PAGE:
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Cyber Liability: Determining What Information is Confidential

By Dan Hanson

May 7, 2013

We have discussed the obligation to protect the confidential information of others, but we haven’t in great detail discussed what is considered confidential information. Clearly, for an organization to understand their risk to a confidential information breach, it first has to understand what type of information may be considered confidential.

Confidential information is any information your organization has an obligation to protect that may result in financial, or other harm, to an individual or organization if it were compromised. Some obvious examples are credit card numbers, social security numbers, driver license information, bank account, healthcare information, and financial records.

Quite often we find that businesses do not consider the intellectual property they hold that belongs to their clients, potential clients, vendors, and the information they may hold as a result of potential M&A. This information can be much more costly if it should leak out.

Consider a multi-billion dollar company that comes out with a new phone. Prior to launch, they approach the following parties in advance:

  • A components manufacturer that develops the one key piece in the technology that makes this phone unique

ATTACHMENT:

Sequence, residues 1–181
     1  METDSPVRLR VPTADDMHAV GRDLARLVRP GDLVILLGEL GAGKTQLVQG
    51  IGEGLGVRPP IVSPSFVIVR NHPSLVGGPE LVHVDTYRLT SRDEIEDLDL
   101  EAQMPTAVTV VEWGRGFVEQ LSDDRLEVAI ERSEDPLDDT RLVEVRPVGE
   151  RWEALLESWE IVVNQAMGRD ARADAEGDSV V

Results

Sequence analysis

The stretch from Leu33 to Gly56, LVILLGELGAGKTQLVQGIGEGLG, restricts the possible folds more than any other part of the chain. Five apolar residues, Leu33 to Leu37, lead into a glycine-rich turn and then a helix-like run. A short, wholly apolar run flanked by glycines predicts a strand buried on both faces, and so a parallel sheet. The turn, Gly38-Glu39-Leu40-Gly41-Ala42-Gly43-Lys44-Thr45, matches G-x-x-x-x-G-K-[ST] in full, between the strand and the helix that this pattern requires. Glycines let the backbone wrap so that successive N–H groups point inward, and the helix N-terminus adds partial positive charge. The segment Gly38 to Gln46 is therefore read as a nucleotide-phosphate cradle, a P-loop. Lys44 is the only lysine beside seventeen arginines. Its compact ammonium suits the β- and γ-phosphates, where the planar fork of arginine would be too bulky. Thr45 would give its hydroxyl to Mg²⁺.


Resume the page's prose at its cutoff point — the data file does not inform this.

• A case manufacturerthat develops the special case that is able to adapt around this unique technology that will differentiate the phone and potentially make it a top seller
  • Retailers that will be in on the marketing campaign right before the holiday buying season
  • Ad and PR firms that will design the TV, radio and print ads that will create the buzz to make it a top seller

If any of these vendors were breached and lost the highly guarded secret of the new phone, it would potentially cost the phone manufacturer millions or billions of dollars. These vendors have an obligation to protect the confidential information of others.

Most businesses hold a tremendous amount of information of others that they are obligated to protect. If the information were to leak out, at the very least it would be embarrassing to the business, and, in many cases, it would result in the obligation to notify others or even result in class action law suits.